In the ever-evolving landscape of technology, organisations are continually seeking to optimise their operations through innovative solutions. It is often the case firms seek to automate legal process, especially in “high volume, low value areas” by the development of case management systems.

These systems promise streamlined processes, enhanced efficiency, and improved decision-making. Typically there are two approaches:

  1. an “off the shelf” package with unchangeable, predetermined workflows which are maintained by the supplier. Unless the type of work is very minimal most firms will reject these solutions as they cannot “personalise” the process to their refined working practices.
  2. a “case management engine / tool kit” which enables you to develop your own workflows based upon your developed best practice. Most historical mid-market PMS solutions (e.g. P4W, Linetime, SOS, Proclaim or ALB) support this approach.

However, the pursuit of creating an all-encompassing system can lead to a host of problems, ultimately undermining the very goals these systems aim to achieve. It is our observation that most firms who try to create a utopian case management solution will ultimately fail either to deliver to the vision, or over time, unless they are in the truly large scale, high volume, repeatable work market.

Business Challenges

Time Delays

In the fast-paced business world, time is of the essence. Over-developing a case management system can result in lengthy development and implementation cycles. These delays can hinder the deployment of the system, causing frustration among stakeholders who are eager to realise the benefits of the new technology.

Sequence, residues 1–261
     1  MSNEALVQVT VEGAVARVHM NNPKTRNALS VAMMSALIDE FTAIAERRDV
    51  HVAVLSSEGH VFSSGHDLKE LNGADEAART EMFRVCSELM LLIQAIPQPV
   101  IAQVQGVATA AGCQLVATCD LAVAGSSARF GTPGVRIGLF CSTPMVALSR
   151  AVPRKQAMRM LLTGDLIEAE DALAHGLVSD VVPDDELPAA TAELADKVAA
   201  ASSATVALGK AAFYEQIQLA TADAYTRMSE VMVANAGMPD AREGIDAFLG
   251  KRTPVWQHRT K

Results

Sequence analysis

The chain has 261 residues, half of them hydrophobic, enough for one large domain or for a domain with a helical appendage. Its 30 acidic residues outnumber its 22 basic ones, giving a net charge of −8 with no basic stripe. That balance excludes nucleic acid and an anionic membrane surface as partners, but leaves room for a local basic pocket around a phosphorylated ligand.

Loss of Flexibility

Over time, business needs change, and so do the requirements of a case management system. Over-developing a system can lead to a rigid infrastructure that struggles to adapt to new challenges or evolving workflows. An overly complex system might be resistant to changes, making it cumbersome to introduce new features or functionalities.

Cost Overruns

The process of over-developing a case management system is often accompanied by unforeseen expenses. As the scope expands and additional features are integrated, the budget can spiral out of control. Development teams may find themselves allocating more resources than initially planned, both in terms of time and finances, to accommodate the increased complexity.

Cost of Ownership

A complex, over-developed solution will require more resources to maintain and develop than a more simplistic solution. Whilst the direct costs of such a solution may be minimal, the indirect costs of developers / trainers and staff time could be very significant.

Ineffective Reporting and Analytics

Clear and accurate reporting is vital for informed decision-making. Over-developed systems, however, can complicate the process of generating meaningful reports and analytics, hampering an organisation’s ability to glean insights from its data.

Inefficient Resource Allocation

Excessive development can drain resources from other critical areas of the organisation. This imbalance can lead to inefficiencies in resource allocation, affecting overall productivity and growth potential.

User Adoption Challenges

User Resistance

A well-designed case management system should enhance user experience and productivity. However, over-development can lead to a system that is overwhelming and challenging to navigate. Users might resist adopting the new system, favouring their old methods, and causing a disruption in workflows.

Increased Complexity

While complexity can offer sophistication, it also brings with it a range of challenges. Over-developed systems can be difficult to understand and use effectively. Employees may struggle to grasp the intricacies of the system, resulting in errors and reduced efficiency.

Higher Training Requirements

User training is a critical aspect of system implementation. However, an over-developed system can necessitate more extensive training efforts. Employees may struggle to grasp the system’s functionalities, leading to increased training time and resource allocation.

Lack of User-Focused Design